I draw out the music example especially in honour of St. Patrick’s Day. I love this Saint, and I love this day. I lived and worked in Ireland after my first year of university, and I will never forget it. I arrived at much of my sense of purpose during that time. I figured out, to a great extent, what kind of man I would like to be. Grand stuff.
It was a good and beautiful time. What made it even more beautiful was the soundtrack of Irish music I had on rotation back then. One of my favourite artists was Liam Ó Maonlaí of Hothouse Flowers fame. I connected with and was moved by his trditional Irish Gaelic renditions in particular.
Sadhbh Ni Bhruinneallaigh is an example of an Irish song that Liam does splendidly. Frankly though, I didn’t learn the lyrics until a good seven years after first hearing it. If I think about why I waited, I suppose the biggest factor was the fear of losing the mystery. What if the lyrics didn’t match the things I had imagined when I listened to the song time after time?
To some degree I feared studying theology in depth for the same kind of reason. I have had a relationship with God for as long as I can remember. What happens if I learn something about God that contradicts what I long-believed to be true about Him? Could that be possible? Could I, to take the pressing example, take Lent too seriously this year and find myself questioning the bedrock of my faith?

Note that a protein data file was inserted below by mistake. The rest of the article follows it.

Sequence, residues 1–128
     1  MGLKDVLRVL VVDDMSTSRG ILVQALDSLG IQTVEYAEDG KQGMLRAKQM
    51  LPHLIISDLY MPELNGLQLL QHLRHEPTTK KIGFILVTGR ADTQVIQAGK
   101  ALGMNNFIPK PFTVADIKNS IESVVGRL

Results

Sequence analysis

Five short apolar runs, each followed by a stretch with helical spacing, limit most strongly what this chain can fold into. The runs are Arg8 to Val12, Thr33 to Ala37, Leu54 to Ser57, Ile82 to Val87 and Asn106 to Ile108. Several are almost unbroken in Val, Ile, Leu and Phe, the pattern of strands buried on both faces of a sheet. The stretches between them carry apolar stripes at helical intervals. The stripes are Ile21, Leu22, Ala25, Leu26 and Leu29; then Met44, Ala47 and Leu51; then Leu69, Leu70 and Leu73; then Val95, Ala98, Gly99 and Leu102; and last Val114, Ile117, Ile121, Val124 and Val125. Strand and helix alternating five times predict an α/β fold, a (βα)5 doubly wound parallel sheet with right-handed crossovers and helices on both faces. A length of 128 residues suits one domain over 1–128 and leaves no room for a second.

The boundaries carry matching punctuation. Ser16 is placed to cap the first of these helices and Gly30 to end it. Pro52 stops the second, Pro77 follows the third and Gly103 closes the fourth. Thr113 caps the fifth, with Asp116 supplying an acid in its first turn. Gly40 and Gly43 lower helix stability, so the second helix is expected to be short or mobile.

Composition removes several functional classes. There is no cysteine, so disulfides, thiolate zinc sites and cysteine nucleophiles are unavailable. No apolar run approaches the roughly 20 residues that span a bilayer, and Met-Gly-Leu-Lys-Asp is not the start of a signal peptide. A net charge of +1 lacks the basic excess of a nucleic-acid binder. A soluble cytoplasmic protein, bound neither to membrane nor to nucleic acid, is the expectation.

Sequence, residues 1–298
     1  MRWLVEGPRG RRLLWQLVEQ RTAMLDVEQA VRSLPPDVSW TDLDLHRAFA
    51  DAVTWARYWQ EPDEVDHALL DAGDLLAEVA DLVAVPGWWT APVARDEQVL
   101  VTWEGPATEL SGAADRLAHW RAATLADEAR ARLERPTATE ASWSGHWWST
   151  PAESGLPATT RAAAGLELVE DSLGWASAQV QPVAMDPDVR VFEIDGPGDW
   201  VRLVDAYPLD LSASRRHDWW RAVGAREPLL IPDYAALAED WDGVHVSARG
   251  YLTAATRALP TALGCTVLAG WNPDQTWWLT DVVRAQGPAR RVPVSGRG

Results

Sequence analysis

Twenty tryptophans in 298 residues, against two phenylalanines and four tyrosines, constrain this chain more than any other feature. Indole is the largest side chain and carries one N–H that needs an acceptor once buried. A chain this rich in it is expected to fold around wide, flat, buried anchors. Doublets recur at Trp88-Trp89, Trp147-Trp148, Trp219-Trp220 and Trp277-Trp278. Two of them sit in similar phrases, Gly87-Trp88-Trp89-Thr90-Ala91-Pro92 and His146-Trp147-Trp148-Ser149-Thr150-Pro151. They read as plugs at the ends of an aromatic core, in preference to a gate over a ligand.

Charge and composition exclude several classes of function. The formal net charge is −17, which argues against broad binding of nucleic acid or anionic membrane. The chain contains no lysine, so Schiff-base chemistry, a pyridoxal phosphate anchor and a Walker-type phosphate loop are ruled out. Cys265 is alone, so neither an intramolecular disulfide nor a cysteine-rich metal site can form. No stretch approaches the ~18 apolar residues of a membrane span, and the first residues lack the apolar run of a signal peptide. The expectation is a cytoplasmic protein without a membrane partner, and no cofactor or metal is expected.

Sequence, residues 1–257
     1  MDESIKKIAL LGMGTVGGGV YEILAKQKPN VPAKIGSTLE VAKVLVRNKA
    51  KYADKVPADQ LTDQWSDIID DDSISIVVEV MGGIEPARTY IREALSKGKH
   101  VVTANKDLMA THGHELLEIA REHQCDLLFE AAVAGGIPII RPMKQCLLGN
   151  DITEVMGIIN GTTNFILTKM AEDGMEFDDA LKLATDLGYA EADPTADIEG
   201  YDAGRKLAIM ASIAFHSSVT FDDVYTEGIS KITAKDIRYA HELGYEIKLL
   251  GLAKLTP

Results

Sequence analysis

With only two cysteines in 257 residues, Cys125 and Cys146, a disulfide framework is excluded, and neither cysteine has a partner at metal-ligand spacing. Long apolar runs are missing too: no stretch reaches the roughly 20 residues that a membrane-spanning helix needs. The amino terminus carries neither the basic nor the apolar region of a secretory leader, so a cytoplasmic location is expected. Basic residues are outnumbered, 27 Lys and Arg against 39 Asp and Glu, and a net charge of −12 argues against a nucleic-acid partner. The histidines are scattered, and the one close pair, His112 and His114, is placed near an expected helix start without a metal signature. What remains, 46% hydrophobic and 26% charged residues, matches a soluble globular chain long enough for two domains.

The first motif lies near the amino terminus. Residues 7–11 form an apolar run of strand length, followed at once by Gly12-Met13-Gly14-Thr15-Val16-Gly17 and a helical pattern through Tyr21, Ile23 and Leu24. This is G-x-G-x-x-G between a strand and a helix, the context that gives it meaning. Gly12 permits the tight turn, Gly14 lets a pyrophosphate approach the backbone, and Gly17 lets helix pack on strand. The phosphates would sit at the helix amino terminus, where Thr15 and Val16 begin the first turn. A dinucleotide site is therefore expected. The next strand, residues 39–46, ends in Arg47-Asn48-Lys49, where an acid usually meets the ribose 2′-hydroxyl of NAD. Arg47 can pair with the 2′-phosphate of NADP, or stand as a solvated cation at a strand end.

As I sit with those thoughts, my primary response is that yes, taking Lent seriously could change a person and the way they view the world, and possibly their faith. But this doesn’t need to be a negative thing. The particular ways I am trying to take Lent more seriously/intentionally this year – especially with the processing channel this blog offers – only convinces me further of how much more aware one can become during Lent, especially of one’s utter reliance on God. That may not seem like a big change at first glance, but I personally believe that when we prioritize our attentiveness to God and the gifts he gives us in everyday life, we are indeed changed by it. That has been experience thus far, and I have to say that I like it.
But as for the fear of too deeply uncovering the mystery of God, I am less prone to worrying about that these days. Theology may advance as much as it pleases; the God I have personally known has been singing a song in my heart for thirty years, and should He will it, I would be pleased to know His wonderously mysterious voice for thirty more.